Medtech Startup 4.0
Medical technology, or medtech, sits at the intersection of technological innovation and health care. It encompasses a wide range of products and services that help people to be healthy through earlier diagnoses, better treatment options, shorter hospital stays and more successful rehabilitation efforts. The medtech startup space is comprised of an array of firms advancing disruptive and innovative devices and applications via several sub-sectors, each and any of which enjoy dedicated investment interest on the part of private equity, venture capital firms focused on medtech startup prospectus information and strategic industry investors from across the healthcare ecosystem. Here are a few examples:
- Wearables: These are portable devices that monitor a person’s condition and activities, possibly communicating their data to the wearer’s local computing devices and/or over the Internet to programs that process the information and, when necessary, alert medical professionals. Activity trackers are wearables that monitor movement, calorie expenditure, heart rates, etc., to help wearers maintain and improve their physical health. A Holter monitor continuously measures and records heart activity for up to several days to detect abnormalities. Wearable insulin pumps constantly measure a patient’s blood glucose levels and automatically inject insulin as required. Wearable deep brain stimulators can be used to deliver precise electrical currents to the brain of patients with diseases like Parkinson’s or epilepsy.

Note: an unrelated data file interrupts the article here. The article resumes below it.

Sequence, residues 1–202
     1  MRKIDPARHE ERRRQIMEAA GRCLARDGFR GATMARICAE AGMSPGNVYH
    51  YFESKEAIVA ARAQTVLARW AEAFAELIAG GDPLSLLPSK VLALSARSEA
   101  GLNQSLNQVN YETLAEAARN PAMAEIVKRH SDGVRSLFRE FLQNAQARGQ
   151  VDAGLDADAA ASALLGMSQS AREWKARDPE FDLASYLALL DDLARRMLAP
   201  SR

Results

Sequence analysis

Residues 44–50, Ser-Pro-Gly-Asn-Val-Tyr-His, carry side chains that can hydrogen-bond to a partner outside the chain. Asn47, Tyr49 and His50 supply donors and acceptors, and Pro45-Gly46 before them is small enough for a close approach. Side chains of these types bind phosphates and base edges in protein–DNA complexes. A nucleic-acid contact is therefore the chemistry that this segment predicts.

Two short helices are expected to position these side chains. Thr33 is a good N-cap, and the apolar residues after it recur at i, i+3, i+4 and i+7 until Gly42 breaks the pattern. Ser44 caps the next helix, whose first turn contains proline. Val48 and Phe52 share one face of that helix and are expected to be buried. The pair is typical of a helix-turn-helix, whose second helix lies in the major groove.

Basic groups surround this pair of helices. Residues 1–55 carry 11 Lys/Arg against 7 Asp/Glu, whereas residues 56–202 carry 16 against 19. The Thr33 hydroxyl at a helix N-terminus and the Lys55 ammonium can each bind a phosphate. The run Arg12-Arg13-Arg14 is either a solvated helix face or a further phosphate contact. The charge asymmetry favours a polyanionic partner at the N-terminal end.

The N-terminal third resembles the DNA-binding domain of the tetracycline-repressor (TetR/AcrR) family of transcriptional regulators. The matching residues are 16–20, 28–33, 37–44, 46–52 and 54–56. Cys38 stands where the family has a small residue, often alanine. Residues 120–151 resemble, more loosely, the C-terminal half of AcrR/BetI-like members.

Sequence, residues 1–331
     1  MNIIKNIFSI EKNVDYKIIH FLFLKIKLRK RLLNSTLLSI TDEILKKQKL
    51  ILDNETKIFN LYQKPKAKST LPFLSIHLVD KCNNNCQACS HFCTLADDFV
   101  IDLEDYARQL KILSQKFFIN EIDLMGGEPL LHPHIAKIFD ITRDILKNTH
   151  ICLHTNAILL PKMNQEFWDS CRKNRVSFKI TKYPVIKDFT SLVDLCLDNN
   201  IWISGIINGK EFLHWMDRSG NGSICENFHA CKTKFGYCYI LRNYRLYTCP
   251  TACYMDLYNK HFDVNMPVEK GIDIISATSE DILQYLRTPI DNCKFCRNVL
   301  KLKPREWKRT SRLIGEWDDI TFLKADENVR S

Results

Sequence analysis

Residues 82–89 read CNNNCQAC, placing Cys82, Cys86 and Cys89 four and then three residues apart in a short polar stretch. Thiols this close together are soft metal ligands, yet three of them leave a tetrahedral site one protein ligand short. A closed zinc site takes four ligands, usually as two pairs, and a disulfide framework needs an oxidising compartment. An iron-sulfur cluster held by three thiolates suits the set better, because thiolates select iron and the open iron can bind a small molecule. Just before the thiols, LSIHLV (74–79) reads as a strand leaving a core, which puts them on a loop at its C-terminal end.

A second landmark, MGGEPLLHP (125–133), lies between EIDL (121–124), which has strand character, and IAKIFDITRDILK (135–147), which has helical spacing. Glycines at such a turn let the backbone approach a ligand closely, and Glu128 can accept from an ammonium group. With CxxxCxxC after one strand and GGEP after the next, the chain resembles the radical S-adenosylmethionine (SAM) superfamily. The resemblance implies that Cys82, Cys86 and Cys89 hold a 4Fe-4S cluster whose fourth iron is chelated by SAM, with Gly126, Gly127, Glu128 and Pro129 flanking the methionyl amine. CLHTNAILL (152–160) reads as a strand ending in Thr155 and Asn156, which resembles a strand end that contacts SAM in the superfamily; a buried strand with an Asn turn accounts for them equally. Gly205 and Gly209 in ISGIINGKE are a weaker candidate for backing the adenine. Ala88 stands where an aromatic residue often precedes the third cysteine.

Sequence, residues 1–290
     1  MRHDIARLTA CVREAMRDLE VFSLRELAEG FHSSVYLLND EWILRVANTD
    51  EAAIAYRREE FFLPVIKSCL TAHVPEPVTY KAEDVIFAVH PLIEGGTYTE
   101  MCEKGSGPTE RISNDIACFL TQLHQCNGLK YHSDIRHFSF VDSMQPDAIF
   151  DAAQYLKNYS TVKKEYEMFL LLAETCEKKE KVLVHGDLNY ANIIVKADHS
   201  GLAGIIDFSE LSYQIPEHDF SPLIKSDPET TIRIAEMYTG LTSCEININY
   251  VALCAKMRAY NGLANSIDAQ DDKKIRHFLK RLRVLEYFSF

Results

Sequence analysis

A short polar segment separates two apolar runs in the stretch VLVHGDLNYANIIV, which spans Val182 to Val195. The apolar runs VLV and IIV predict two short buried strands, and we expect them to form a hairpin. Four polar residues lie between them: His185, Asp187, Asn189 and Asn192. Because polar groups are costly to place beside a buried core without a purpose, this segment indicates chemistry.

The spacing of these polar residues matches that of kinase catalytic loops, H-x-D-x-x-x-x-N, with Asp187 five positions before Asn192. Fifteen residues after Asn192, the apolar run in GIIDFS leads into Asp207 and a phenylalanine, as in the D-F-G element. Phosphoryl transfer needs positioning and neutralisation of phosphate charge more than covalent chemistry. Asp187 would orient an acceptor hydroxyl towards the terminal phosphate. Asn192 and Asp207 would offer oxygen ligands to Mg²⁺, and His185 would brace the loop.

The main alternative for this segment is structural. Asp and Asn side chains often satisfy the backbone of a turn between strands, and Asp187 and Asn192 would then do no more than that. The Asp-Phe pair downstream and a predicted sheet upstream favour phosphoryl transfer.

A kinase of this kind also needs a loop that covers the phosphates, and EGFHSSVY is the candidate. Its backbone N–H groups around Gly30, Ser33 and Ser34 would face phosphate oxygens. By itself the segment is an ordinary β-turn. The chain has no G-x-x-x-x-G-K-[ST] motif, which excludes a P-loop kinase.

One particularly innovative medtech startup company is Brain Tunnelgenix Technologies (BTT Corp.). Founded by industry pioneer Dr. Marc Abreu, whose pedigree includes roles at Harvard Medical School and Yale University, where he served as clinical faculty in the Department of Anesthesiology and was a post-doctoral fellow and faculty in the Department of Ophthalmology and Visual Science, Abreu’s company is a classic medtech startup case study. In cooperation with a Yale University research study that began in 2003, Abreu’s firm has since developed what it claims (and confirmed by many others within the healthcare sector) is the first and only system to non-invasively and continuously capture temperature measurements or thermodynamic signals from the brain thermal tunnel. According to multiple third party assessments of the firm’s technology, its potential broad applications and more than three dozen patents in its quiver, Abreu’s discovery within the framework of brain temperature measurement and precision-based approach to the most effective way to gauge the health of the human body is viewed as a classic game-changer for a broad cross-section of healthcare providers and multiple non-surgical diagnostic and preventive care applications, from worksite to professional sports to use by military personnel. BTT’s flagship device is the Abreu BTT™ 700 System, which provides for the continuous monitoring of skin temperature during surgical procedures, recovery room, intensive care, and general patient monitoring. The unit will alert the patient and/or hospital personnel when the monitored temperature exceeds or falls below pre-selected levels. The company is developing subscription services to help manage and research numerous health conditions, such as Alzheimer’s Disease, Parkinson’s Disease, Multiple Sclerosis, sleep disorders, influenza, and stroke risk, as well as helping people improve their performance by protecting against heatstroke in sports, military and industrial worksite applications.